How can a service be moved without impacting its consumers?
Various logistical circumstances may require a service to be physically relocated, thereby requiring configuration or code changes on the consumer end.
Application and Transport-level redirect features are used to preserve consumer-to-service connectivity.
Redirection logic placed at the original service location either transparently redirects consumer requests or responds to consumers with a notification indicating the new service location. This redirection can be applied at the transport protocol level or at the application protocol level.
Requires additional planning of resource design as well as possible impact to the intermediaries - proxies, network devices etc.
PrinciplesService Loose Coupling
ContributorsRaj Balasubramanian, Jim Webber, Thomas Erl, David Booth
There are numerous reasons as to why a service may need to be relocated:
- IT departments may be subject to restructuring due to corporate acquisitions or company-wide re-organizations.
- Infrastructure may need to be scaled requiring the introduction of new servers and the redistribution of previously deployed services.
- New security requirements may demand that a service be isolated or relocated to a different enterprise domain.
Any one of these situations can necessitate that a service be assigned a new physical address. For services with multiple consumers, this can lead to a ripple effect whereby consumer programs designed to communicate to the original physical address will encounter runtime failure. To avoid this scenario, all consumers must be redesigned with the new address, which may also be impractical, depending on how urgent the service relocation is and how many consumers are affected.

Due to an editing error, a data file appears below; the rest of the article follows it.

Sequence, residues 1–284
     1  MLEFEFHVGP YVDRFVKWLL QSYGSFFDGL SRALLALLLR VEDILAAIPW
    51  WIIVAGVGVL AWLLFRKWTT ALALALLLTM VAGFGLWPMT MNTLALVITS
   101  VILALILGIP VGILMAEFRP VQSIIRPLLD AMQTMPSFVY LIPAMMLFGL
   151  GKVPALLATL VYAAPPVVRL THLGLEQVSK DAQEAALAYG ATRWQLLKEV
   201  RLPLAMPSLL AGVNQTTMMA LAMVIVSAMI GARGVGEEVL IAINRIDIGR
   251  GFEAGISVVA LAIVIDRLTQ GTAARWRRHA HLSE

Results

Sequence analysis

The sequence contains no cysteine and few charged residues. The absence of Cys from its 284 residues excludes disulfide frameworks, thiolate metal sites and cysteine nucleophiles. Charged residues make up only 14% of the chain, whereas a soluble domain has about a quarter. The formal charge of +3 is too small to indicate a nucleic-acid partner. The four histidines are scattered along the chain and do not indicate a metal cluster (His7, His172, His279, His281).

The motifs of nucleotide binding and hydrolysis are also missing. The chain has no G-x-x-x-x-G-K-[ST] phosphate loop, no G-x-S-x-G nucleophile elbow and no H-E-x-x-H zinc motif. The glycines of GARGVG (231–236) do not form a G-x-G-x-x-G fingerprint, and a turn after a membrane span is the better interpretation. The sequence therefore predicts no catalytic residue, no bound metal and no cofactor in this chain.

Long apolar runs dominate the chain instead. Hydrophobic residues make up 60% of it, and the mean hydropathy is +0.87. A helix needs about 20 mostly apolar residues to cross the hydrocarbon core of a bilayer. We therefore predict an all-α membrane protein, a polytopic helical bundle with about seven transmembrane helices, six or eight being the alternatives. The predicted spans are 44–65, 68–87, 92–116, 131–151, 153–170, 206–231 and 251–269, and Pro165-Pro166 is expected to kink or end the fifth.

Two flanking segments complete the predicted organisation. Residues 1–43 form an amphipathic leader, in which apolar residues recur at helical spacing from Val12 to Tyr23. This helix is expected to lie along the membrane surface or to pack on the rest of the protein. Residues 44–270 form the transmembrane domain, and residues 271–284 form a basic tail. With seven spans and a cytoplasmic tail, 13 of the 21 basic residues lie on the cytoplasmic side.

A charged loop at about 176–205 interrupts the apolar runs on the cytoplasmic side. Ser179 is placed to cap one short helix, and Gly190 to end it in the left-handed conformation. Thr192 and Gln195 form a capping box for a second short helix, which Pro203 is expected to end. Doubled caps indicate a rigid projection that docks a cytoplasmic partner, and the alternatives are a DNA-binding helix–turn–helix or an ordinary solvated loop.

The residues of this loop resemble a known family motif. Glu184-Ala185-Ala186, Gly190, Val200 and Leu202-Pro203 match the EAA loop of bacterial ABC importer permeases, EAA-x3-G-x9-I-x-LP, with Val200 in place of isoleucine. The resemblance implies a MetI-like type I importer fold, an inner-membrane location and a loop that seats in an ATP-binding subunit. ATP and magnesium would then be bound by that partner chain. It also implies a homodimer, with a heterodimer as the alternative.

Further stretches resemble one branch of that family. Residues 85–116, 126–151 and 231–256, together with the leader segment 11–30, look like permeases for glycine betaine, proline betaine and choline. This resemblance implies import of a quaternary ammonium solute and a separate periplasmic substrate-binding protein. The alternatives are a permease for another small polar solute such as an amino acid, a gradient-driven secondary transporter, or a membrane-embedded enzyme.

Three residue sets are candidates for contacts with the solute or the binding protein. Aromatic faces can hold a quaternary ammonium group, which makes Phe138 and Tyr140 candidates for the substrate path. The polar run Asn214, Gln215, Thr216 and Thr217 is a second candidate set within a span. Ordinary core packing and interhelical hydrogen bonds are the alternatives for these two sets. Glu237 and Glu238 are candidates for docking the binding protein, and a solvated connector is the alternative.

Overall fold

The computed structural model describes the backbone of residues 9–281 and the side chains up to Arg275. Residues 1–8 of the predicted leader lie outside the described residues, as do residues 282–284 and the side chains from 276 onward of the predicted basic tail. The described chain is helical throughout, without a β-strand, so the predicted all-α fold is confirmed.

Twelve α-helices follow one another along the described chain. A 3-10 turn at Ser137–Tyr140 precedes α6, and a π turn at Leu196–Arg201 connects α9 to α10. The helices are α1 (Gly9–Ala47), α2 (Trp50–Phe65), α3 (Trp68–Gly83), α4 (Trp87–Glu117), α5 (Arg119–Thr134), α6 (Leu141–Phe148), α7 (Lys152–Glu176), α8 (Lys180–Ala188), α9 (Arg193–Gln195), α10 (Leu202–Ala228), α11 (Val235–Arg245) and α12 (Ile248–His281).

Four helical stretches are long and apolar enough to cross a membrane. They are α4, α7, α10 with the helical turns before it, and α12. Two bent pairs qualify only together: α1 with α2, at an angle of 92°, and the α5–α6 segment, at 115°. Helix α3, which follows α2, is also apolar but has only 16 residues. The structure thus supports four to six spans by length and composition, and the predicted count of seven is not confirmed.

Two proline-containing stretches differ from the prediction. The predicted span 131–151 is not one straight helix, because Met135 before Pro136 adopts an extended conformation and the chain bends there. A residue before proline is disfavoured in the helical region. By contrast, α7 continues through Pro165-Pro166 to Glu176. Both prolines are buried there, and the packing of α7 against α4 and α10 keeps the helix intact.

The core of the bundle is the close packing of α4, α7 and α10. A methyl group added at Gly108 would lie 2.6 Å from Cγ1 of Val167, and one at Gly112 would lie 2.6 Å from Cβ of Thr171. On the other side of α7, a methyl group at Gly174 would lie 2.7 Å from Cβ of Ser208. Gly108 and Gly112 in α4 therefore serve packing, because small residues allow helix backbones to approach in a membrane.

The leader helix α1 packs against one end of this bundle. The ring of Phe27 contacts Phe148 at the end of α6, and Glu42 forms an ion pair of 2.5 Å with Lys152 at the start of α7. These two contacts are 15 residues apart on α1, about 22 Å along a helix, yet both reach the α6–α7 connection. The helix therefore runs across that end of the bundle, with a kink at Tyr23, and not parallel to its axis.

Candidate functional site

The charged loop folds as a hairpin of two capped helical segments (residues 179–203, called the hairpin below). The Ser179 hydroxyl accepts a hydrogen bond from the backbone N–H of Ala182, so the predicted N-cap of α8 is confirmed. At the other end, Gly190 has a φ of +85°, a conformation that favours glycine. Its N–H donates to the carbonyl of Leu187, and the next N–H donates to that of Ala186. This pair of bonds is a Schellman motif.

There are two ways to address the problem:
- Redirection at the Transport Protocol Layer - This approach ensures the redirection occurs at the network transport protocol (TCP) layer and addressed by use of network devices.
- Redirection at the Application Protocol Layer - This approach ensures the redirection occurs at the application transport protocol (HTTP) layer and addressed by use of application proxies and intermediaries.
In addition to the above approaches, there can be two types of service relocation.
- Transparent Relocation - This approach ensures that the consumer is unaware of the change and that all service interaction proceeds normally.
- Relocation with Referrals - A mechanism residing at the service's original location responds to consumer requests with an appropriate code indicating the new service location.
With transparent relocation, consumers are not required to change. With referral-based relocation, consumers must be able to accept and process the relocation response.
Transparent relocation is typically achieved by the application of Intermediate Routing together with specialized redirection logic or by using core networking services (such as DNS). This redirection can be implemented at the transport or application protocol layer. At the transport protocol layer, network appliances are used. This can be applied to both HTTP based REST services as well as SOAP based web services. HTTP specification offers guidance on accomplishing the redirects as indicated below. This is leveraged fully in REST services. For SOAP based services, there are additional intermediaries in the form of middleware environments, such as the Enterprise Service Bus, to accomplish routing functionality.
Implementing relocation by referral can also be achieved via intermediate routing logic, but is more commonly built at the application protocol layer. HTTP specification offers guidance on accomplishing the redirects as indicated below. This is leveraged fully in REST services.